At one point our trip got a little crazy. Over the course of sledding through Canadian backcountry for hours, large gaps start to form between you and the sled team in front of you and behind you, almost as if you’re on our own just following the trail. We went down a steep hill then a sharp turn that threw Mike off the sled while he was driving. Our team of pups just kept running, each in their dog sled harness, and I ended up on a runaway sled with no one steering or controlling the brakes! Those dogs are fast when they want to be and having just me on the sled, they were able to pick up speed and go even faster. I threw my leg over the side into a snow drift and finally got the dogs to slow down and stop as Mike came running through the snow to catch up. Definitely a bit of a scary situation!
Halfway through the trip we stopped at a yurt in the forest to warm up. Inside was a wood stove with a roaring fire, hot chocolate and cookies for a sugar rush. I used the time to dry out my socks and boot liners that had been soaked from trying to stop my rogue sled earlier. After about half an hour we were on our way again. Now feeling like seasoned veterans of dog sledding, we made our way back to the visitor's center without a problem.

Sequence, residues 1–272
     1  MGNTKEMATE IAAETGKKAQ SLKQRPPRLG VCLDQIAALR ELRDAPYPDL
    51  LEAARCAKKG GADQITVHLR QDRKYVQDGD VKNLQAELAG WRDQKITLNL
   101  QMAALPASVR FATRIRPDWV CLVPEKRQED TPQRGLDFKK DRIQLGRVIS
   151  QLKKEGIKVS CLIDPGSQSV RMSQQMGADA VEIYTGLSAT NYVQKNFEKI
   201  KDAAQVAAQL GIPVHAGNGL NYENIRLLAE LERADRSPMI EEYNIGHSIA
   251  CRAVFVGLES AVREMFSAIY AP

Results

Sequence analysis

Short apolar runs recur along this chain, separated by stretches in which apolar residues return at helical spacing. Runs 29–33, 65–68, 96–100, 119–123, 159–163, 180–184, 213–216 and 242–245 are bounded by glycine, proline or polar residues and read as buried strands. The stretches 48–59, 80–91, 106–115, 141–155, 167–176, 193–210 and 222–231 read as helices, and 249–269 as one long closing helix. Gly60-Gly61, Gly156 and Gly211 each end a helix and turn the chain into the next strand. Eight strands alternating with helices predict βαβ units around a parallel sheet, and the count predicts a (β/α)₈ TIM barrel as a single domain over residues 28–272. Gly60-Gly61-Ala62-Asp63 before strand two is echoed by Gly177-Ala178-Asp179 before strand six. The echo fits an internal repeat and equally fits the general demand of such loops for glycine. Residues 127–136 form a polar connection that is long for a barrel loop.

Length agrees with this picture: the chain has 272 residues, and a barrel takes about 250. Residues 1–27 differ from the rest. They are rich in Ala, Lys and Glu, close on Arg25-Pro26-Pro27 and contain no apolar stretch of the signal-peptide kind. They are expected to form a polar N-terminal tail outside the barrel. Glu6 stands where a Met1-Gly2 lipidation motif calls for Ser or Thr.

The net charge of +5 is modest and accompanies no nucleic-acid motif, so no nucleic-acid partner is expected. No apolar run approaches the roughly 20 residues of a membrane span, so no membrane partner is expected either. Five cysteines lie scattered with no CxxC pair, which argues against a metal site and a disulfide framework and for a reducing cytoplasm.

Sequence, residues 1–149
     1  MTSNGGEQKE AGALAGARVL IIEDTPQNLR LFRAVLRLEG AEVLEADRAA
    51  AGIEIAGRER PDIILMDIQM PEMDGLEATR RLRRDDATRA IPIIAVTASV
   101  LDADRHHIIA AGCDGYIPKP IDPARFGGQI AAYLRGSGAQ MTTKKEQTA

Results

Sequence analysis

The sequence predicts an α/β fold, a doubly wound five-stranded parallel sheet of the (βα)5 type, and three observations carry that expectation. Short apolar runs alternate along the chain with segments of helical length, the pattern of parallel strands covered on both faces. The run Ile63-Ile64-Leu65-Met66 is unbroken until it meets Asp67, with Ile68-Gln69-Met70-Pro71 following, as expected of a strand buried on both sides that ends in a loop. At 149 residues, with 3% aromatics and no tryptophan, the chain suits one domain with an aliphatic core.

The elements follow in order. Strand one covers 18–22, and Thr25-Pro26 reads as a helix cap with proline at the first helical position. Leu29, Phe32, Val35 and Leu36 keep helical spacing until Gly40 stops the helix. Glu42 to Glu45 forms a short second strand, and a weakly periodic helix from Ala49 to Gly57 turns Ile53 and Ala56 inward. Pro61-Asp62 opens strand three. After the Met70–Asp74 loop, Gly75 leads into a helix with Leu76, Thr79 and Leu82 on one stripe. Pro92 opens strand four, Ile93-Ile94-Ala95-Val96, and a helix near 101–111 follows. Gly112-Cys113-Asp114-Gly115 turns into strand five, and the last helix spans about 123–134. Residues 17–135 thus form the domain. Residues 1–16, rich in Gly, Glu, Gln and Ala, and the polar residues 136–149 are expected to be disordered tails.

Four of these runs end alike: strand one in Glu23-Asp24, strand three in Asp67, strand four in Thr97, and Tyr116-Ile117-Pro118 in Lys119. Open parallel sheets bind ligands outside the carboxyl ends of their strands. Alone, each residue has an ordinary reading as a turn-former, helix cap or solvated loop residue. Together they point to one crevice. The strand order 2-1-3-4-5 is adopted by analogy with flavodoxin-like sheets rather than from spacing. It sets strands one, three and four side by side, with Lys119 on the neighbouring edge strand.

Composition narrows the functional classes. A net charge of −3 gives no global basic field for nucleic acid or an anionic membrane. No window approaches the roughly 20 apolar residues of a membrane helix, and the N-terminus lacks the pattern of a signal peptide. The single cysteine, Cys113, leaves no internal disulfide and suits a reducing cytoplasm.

Despite our struggles, we did finally get the hang of sledding and when our extremities weren't going numb from the -30 degree F temperature, it really was a gorgeous ride. We covered roughly 6 miles of rural trails going from dense forests to open valleys. Except for the path, the snow was virtually untouched and provided a pristine white blanket on the ground and hung to pine trees like a Christmas card. The dogs themselves were impressively strong. The fact that six of them could pull us on a sled through thick snow for as long as they did shows how useful these pups are to the people of Canada. Plus they loved pulling the sleds; whenever we had to break they would start barking and jumping, ready to continue running.
Dog sledding near Quebec City turned out to be a much crazier adventure than I expected. Even though we had some issues dealing with the learning curve of steering over the course of the ride, I'm happy we gave it a try. The icing on the cake was being able to spend time with the dogs and see their natural love for not only being working animals, but man’s best friend. Make sure you save time afterwards to meet the husky puppies near the visitor’s center. Cuddling with the little ones was honestly the best way to end our excursion. Dog sledding is such a unique winter activity and the fact that it's so close to downtown Quebec City makes it a perfect day trip on your next vacation in Canada.